Saturday, 12 November 2016

Hanna-Barbera Action Adventure

Until the networks started bowing to pressure groups that wanted to dictate what every kid should watch on TV, cartoons on Saturday morning meant action-adventure as well as comedy.

Hanna-Barbera was at the forefront of this type of cartoon with the prime time airing of Jonny Quest in 1964. Others followed on Saturday mornings. The only one I really watched was The Herculoids because of the odd collection of characters (my sister, not being impressed with the characters’ names, made fun of Dorno by calling him “Doorknob”). I couldn’t tell you a plot of any of the episodes, to be honest.

Doug Wildey is quoted in a documentary on Jonny Quest that the series was, in his estimation, a failure. Did he expect it to feature the kind of elaborate, posed comic book artwork that could never be duplicated on a TV budget?

Wildey was certainly good at it. So was Alex Toth, who joined the studio to work on Quest. Their impressive presentation art has been all over the internet, and now one of the on-line web auction sites has some of it for sale. Let me repost some of it here.

First off, Jonny Quest. These are credited to Wildey. The “File 0-37” was used for a brief period when the show was in development before it was decided to go back to just “Jonny Quest.”

More artwork. Quest fans may recognise the episodes that used the ideas contained in some of these drawings.

Now, some from The Herculoids by Toth. I presume these were done for the series and not later commissions.

A secret agent show called Danger Plus Two made it to the presentation stage. Here’s Doug Wildey again.

Two more proposed shows. Yankee Doodle Daring is signed by Alex Toth.

And from The Great Undersea Race proposal by Doug Wildey, as well as a second, unidentified piece of art.

You can see the full catalogue by clicking here. There’s some great work by Eyvind Earle at Disney and items that were owned by the late Stan Freberg.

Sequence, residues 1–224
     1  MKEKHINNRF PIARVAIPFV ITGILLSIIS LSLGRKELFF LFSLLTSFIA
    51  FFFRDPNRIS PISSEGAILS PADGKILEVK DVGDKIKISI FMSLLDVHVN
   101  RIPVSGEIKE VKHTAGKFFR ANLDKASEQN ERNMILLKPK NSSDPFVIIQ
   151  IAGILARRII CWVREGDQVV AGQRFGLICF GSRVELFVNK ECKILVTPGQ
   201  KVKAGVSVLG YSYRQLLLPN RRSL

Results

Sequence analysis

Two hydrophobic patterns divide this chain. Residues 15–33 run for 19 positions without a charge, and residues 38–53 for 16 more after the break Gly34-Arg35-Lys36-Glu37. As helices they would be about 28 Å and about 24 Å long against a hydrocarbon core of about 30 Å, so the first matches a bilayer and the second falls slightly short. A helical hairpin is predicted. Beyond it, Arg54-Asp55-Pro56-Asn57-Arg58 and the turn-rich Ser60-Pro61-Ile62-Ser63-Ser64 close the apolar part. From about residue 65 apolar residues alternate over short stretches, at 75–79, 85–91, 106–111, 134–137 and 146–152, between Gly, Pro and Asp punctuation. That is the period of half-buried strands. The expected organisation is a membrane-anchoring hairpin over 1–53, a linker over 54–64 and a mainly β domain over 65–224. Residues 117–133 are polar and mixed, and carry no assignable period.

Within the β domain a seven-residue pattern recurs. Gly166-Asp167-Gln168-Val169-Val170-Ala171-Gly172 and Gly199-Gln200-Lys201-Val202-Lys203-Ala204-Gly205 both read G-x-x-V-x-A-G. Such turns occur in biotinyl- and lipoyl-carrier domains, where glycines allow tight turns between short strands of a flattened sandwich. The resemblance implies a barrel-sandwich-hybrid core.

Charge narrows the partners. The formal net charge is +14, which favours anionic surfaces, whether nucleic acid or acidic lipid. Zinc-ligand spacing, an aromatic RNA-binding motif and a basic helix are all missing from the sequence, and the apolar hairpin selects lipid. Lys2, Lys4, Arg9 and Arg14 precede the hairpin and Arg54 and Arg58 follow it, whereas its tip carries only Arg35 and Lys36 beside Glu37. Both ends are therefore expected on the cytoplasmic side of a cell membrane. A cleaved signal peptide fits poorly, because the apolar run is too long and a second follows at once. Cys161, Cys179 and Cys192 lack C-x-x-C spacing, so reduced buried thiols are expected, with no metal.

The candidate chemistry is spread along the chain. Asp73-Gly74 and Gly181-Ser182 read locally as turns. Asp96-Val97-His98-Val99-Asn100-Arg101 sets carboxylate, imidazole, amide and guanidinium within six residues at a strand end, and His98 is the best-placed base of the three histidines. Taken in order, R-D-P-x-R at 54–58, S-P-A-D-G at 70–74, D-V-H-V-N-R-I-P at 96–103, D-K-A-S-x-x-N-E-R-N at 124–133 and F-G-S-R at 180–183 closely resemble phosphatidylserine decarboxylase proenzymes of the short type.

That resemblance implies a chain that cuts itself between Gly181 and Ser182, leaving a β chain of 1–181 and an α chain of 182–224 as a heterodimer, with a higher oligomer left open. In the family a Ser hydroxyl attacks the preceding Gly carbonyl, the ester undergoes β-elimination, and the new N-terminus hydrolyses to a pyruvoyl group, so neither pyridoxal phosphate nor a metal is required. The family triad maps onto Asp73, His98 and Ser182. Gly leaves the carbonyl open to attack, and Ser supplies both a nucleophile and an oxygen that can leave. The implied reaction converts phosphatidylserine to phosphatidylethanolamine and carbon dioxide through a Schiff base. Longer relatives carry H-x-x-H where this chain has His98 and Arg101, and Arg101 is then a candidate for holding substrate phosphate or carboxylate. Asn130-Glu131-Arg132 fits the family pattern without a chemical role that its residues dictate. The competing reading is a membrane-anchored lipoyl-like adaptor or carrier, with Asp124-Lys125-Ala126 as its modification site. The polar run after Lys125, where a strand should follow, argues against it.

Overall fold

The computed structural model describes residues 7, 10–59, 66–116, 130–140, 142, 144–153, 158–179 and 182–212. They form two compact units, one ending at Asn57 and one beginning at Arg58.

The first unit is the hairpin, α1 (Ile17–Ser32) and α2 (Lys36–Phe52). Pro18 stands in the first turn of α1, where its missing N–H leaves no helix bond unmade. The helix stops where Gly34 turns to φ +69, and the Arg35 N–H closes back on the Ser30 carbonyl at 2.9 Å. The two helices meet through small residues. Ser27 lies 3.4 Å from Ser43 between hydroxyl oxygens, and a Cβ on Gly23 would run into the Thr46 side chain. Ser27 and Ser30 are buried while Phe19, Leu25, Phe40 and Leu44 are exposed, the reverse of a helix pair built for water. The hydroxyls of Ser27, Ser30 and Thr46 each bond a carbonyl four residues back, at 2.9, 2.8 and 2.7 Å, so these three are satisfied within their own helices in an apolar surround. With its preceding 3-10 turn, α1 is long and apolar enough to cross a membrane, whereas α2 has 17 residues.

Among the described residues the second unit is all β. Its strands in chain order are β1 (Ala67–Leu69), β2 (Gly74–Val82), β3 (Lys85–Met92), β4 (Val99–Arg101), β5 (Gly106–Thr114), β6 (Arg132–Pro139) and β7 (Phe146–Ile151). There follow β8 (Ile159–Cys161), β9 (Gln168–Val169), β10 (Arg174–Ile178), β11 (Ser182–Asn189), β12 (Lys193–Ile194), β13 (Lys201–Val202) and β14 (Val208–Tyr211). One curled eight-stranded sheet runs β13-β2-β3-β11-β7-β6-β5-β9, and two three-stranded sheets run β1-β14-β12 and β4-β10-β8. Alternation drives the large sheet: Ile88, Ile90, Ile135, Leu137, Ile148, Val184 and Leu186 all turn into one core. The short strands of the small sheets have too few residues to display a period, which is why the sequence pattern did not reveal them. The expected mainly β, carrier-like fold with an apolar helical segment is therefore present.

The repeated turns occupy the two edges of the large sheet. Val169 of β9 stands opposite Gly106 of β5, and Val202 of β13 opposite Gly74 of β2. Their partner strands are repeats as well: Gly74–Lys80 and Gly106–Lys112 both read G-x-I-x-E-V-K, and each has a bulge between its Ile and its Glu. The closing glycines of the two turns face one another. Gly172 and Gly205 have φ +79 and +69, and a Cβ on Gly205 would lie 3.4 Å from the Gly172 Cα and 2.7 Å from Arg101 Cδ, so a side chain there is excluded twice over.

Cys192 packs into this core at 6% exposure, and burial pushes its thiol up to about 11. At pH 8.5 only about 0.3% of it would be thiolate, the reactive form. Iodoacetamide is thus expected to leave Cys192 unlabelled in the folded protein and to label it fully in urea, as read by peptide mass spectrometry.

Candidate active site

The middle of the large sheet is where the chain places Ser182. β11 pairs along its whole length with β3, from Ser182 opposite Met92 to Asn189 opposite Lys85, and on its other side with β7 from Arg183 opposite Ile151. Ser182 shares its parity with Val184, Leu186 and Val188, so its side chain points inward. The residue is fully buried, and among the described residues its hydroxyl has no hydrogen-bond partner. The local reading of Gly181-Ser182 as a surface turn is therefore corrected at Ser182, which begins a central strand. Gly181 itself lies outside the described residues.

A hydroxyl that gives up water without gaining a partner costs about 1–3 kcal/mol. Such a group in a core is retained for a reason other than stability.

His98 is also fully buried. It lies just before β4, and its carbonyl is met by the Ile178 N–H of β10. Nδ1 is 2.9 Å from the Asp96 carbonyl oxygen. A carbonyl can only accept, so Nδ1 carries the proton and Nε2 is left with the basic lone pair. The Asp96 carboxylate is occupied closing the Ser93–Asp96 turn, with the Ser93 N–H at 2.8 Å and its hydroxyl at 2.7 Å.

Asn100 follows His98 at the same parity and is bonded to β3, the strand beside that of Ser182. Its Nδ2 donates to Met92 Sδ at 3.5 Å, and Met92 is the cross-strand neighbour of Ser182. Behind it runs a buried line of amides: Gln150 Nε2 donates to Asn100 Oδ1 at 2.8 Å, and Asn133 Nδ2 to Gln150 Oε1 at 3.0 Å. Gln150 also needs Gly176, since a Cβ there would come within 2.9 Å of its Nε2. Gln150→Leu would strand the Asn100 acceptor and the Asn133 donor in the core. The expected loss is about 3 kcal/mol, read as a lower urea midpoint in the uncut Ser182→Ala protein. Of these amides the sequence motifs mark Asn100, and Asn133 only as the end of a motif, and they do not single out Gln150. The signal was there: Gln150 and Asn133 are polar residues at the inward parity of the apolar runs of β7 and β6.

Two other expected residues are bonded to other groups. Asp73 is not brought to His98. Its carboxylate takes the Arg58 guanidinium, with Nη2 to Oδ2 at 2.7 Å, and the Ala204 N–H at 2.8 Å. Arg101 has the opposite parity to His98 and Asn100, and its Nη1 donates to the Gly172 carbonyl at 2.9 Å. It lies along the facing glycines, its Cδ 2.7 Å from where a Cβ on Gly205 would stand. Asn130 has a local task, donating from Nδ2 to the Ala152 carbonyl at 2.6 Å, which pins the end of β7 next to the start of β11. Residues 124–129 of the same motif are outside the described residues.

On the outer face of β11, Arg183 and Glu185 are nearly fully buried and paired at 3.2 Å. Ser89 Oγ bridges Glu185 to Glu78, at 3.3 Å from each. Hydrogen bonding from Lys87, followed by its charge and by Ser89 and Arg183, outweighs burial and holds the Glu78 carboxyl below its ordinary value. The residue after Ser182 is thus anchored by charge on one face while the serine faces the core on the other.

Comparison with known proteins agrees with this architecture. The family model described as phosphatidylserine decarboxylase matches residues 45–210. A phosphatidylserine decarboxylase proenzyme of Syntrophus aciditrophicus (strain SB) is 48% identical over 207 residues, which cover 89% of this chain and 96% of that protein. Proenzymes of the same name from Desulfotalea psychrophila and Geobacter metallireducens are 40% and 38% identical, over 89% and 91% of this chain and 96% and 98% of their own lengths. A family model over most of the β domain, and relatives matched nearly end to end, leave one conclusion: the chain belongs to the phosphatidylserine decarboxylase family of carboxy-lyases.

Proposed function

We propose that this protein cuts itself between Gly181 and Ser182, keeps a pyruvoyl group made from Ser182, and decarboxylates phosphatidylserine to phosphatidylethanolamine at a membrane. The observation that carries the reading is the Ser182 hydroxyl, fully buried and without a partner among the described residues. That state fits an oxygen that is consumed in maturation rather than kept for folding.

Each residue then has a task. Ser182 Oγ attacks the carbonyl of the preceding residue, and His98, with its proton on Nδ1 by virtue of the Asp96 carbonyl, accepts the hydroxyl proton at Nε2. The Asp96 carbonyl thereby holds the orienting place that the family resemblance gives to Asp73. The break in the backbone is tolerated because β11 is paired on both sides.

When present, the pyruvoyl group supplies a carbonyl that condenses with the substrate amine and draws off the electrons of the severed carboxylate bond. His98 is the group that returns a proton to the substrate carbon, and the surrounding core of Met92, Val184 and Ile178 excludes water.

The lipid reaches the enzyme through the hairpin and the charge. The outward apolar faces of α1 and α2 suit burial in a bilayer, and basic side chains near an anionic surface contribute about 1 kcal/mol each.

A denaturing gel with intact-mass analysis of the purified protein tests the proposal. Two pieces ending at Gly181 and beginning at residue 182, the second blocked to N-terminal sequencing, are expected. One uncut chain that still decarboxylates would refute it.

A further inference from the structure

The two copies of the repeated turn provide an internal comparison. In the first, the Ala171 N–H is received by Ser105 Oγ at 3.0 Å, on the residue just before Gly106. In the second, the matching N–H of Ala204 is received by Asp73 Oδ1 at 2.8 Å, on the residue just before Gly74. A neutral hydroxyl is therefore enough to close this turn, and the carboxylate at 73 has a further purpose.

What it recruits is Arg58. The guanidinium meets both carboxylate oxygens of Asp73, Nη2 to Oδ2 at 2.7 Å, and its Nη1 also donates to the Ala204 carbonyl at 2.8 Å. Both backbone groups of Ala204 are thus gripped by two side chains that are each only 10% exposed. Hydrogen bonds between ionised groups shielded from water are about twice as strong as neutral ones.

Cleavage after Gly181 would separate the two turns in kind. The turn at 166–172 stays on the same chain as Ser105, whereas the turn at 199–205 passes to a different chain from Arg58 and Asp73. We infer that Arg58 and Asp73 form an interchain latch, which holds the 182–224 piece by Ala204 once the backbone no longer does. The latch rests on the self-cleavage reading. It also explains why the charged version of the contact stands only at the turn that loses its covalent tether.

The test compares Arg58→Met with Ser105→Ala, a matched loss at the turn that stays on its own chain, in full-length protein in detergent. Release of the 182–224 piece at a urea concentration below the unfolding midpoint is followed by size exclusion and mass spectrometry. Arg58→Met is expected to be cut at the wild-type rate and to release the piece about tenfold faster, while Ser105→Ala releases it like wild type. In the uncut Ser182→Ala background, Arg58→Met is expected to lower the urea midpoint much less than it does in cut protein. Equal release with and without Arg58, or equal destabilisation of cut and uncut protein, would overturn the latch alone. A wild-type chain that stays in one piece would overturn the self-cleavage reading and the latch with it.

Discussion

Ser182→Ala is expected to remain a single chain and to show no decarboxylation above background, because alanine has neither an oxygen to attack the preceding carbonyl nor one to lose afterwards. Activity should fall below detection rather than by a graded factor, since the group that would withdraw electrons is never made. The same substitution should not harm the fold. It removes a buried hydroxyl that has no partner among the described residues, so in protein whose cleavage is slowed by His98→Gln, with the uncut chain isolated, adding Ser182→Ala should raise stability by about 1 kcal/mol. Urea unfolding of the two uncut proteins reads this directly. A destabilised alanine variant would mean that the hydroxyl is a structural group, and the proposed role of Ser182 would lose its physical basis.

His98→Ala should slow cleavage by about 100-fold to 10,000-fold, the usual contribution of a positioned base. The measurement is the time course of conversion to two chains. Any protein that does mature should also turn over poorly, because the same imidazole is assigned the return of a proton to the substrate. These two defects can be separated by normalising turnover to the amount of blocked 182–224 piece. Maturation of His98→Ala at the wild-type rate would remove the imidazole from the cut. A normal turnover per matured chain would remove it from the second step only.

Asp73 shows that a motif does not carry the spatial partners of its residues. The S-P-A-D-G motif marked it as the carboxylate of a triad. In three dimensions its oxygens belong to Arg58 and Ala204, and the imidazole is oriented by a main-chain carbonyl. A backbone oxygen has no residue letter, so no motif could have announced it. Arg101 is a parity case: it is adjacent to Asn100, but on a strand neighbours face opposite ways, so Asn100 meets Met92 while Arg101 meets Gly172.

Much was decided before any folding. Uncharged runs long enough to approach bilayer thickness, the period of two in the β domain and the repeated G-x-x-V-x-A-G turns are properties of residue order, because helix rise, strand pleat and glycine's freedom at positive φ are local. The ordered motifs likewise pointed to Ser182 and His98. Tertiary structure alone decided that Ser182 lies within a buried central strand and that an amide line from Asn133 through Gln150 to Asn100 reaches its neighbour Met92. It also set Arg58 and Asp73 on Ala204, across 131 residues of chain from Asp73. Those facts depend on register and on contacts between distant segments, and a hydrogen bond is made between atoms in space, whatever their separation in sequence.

1. This is great stuff; it makes me wish that Wildey had drawn a Jonny Quest comic strip. (He only drew the first issue of Comico's Jonny Quest comic book from the '80s. More's the pity, as it was a well-done comic.)

  2. You can inform Yowpette that, due to their mucus-like appearance, I used to refer to Gloop and Gleep as "The Snots".

    I have to wonder if Danger Plus Two was submitted for prime-time consideration - it looks a bit "adult" for Saturday mornings. And I can't help being amused by the Yankee Doodle Daring presentation. Not only because of the ridiculous title, but that it resembles a "straight/dramatic" version of Dastardly and Muttley in Their Flying Machines!

    Yes, I concur - some gorgeous illustration work here.

  3. I’m wondering if Danger Plus Two was going to be an animated series or rather these preproduction drawings and storyboards were for a live-action program. The two blondes in the first drawing both look strikingly like actress Joi Lansing.

    1. TV screens back then weren't large enough to accommodate two Joi Lansings.

    2. Ha!!! So true, the hairstyles of the two blondes look like they would have been two of Bob Cummings models in " Love That Bob ". Yowp, love that picture of the mummy standing far off on the hill. That was the one scene that really gave me a chill when that episode originally aired. Great artwork!